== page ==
Weathering the storm: Police, fire personnel endured elements to serve city
When many residents were left stranded, cold and in the dark during Winter Storm Uri, City of Temple Police and Fire personnel braved the winter weather to bring some much-needed relief.
“It was quite remarkable to see Temple residents and the broader community step up and help,” Temple Police Chief Shawn Reynolds said. “I think what we saw this past couple of weeks is really what makes Texas special and what makes Temple a place we love to call home.”
Early in the storm event, City of Temple officials set up an Emergency Operations Center to identify needs and coordinate response. The city began working with local organizations to open warming shelters for residents without power, but getting to the shelter soon became an issue for most.
In true community fashion, police and fire personnel picked up residents and safely transported them to warming shelters, medical appointments and pharmacies using their public safety vehicles.
Temple Police Lt. Tim Simeroth said many of the individuals he encountered were facing life-threatening situations.
“There are so many people we helped who were elderly and who probably would not have survived otherwise. They appreciated everything we did,” Simeroth said.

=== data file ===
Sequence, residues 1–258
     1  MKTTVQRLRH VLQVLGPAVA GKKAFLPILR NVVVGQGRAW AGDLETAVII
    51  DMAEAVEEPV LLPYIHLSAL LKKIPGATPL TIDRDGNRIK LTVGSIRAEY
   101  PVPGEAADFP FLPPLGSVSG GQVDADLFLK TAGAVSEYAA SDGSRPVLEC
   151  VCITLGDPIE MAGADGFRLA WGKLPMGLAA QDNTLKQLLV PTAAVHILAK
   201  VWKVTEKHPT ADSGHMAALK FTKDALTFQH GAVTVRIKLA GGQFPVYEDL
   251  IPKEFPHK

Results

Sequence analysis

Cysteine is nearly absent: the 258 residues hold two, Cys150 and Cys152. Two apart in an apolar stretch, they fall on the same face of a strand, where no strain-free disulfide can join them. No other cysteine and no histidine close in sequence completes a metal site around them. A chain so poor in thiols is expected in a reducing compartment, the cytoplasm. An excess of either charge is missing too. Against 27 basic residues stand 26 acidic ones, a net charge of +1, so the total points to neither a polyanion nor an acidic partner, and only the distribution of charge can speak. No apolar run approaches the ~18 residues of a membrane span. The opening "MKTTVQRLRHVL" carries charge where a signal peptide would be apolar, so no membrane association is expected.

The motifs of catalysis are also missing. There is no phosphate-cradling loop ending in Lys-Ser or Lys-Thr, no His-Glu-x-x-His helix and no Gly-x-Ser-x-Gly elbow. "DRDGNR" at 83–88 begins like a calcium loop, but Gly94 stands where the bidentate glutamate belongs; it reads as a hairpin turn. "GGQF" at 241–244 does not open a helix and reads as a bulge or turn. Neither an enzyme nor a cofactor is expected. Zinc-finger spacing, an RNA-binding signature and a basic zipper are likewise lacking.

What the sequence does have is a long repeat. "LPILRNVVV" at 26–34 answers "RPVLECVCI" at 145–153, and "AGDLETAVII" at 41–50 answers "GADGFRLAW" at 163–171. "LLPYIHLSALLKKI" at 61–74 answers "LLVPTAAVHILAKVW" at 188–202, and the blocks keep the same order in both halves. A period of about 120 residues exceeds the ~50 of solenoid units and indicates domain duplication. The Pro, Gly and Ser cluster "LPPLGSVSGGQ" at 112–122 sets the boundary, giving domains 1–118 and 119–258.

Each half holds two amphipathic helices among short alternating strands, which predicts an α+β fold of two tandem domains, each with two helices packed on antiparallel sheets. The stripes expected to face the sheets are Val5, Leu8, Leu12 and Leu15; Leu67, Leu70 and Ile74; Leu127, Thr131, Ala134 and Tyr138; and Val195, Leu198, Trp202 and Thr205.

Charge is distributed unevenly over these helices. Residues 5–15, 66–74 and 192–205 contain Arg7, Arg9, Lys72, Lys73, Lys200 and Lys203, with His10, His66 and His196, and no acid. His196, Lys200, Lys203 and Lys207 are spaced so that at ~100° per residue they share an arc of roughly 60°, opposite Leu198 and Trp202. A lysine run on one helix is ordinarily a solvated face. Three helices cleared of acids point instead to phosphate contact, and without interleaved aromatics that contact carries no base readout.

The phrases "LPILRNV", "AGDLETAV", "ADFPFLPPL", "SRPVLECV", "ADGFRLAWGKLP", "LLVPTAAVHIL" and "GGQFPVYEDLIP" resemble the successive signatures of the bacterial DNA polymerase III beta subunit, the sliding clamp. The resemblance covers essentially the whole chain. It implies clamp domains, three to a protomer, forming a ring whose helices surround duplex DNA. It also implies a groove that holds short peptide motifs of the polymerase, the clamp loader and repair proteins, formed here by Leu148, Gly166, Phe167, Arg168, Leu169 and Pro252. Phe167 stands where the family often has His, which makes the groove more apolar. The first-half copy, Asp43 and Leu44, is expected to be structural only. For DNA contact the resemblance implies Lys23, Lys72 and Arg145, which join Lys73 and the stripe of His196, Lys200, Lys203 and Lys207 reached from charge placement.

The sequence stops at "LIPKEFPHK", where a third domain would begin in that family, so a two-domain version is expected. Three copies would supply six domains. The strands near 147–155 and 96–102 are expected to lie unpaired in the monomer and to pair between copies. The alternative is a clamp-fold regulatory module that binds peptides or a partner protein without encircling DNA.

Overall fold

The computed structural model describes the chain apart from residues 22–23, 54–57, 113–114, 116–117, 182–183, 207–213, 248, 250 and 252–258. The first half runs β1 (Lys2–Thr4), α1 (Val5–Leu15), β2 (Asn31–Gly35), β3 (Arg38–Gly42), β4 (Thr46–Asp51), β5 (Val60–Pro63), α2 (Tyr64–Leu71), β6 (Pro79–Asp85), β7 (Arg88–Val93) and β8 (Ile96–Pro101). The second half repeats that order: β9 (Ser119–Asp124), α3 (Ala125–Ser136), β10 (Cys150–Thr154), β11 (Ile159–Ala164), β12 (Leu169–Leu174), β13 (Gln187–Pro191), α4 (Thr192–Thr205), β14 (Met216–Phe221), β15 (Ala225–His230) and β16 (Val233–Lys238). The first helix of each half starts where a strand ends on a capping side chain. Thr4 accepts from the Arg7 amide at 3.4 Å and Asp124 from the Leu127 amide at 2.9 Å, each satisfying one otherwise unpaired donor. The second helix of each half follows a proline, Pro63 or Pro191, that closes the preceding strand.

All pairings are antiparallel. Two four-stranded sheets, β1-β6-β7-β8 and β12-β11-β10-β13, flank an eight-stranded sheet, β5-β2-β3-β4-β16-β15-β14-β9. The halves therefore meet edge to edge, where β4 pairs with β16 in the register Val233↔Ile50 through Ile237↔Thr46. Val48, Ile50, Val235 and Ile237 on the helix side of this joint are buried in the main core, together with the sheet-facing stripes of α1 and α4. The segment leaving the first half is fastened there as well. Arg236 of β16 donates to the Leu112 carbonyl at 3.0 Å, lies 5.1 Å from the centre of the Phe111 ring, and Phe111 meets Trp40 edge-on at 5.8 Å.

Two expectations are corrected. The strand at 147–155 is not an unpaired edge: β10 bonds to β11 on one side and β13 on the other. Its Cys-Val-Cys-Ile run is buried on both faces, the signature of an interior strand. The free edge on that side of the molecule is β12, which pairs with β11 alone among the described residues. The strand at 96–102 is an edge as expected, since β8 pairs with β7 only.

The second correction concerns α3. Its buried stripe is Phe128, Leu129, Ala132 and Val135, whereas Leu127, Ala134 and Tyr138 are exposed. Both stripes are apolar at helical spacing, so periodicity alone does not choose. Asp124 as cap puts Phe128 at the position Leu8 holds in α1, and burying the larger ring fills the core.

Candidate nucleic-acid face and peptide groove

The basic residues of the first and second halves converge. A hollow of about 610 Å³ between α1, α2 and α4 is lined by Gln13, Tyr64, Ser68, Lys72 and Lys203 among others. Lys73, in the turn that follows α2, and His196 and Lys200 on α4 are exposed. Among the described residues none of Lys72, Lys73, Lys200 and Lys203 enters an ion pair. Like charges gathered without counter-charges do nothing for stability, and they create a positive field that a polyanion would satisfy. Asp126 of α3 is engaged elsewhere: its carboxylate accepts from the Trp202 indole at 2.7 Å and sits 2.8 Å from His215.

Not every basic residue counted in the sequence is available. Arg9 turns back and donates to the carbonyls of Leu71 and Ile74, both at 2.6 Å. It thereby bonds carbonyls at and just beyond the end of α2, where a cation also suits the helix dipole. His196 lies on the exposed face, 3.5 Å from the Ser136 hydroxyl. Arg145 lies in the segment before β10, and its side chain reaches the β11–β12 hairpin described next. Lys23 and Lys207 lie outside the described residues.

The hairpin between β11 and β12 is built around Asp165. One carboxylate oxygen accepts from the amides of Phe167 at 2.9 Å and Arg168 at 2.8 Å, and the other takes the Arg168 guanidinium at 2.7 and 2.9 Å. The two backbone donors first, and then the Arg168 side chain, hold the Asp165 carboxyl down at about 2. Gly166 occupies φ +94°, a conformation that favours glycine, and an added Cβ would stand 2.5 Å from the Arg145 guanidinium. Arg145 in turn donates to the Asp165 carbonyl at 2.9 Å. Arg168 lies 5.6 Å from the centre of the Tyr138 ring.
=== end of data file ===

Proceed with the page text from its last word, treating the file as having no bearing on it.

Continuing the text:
The City established an emergency call center to help arrange transportation and connect residents with resources. TPD officers, civilian employees and volunteers worked around the clock taking calls, many of whom slept at the police station.
“Many of our employees ended up just camping out at the police station during these endeavors. I think that really gets back to the heart and soul of what a police department is supposed to do, and those folks did incredibly well,” Reynolds said. “It just tells you about their desire to serve and protect the public.”
Temple Fire & Rescue assisted with transportation efforts and helped coordinate water and food distribution throughout the city.
“In addition to our normal duties, we were helping the water department with shutoffs, we were taking citizens to work and doctors’ appointments and distributing water and helping out with any job that needed to be completed,” Temple Fire & Rescue Chief Mitch Randles said. “It was a total city effort.”
Randles said his staff not only braved the weather but also worked long hours while responding to a dramatic increase in calls.
“We were averaging about 150 calls per day (during the winter storm) where we normally average 35-40,” Randles said. “They went nonstop, 24 hours per day in some of the worst conditions Texas has seen in decades.”
Public Safety personnel worked closely with other city departments to identify and respond to needs, and Reynolds said residents were grateful for their efforts.